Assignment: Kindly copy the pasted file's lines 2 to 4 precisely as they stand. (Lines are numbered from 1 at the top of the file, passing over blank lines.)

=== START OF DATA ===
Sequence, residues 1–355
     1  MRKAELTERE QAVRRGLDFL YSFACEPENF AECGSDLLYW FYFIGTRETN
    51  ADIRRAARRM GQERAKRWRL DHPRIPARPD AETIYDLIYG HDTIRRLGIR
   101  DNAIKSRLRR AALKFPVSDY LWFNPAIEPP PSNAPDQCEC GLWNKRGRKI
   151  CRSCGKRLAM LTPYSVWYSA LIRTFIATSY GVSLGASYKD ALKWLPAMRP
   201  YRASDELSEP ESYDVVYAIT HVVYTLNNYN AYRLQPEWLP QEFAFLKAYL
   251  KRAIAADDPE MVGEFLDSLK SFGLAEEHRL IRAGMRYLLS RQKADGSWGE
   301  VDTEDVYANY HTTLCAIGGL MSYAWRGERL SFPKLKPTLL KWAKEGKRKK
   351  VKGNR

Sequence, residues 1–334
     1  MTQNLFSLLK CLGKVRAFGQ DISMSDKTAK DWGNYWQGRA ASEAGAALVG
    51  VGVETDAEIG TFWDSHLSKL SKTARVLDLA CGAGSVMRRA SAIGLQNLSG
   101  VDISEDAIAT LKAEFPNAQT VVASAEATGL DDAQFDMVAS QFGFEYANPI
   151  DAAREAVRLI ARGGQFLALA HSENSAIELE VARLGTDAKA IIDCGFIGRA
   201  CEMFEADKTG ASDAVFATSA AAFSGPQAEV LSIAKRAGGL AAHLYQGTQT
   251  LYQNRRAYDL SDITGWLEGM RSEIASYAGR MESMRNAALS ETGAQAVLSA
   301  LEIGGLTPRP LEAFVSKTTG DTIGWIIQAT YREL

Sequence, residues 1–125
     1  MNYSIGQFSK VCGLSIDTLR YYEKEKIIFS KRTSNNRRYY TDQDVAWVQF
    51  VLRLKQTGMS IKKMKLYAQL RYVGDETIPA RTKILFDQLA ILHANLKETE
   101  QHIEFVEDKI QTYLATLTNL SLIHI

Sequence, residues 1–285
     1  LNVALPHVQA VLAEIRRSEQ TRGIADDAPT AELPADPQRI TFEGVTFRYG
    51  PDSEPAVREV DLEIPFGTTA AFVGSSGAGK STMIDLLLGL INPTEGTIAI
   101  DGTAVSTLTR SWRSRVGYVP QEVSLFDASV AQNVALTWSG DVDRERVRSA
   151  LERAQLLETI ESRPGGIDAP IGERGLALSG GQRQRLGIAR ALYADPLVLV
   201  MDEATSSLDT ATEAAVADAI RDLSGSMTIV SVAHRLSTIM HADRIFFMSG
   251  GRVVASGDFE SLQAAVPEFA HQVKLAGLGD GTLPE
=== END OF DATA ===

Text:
     1  MRKAELTERE QAVRRGLDFL YSFACEPENF AECGSDLLYW FYFIGTRETN
    51  ADIRRAARRM GQERAKRWRL DHPRIPARPD AETIYDLIYG HDTIRRLGIR
   101  DNAIKSRLRR AALKFPVSDY LWFNPAIEPP PSNAPDQCEC GLWNKRGRKI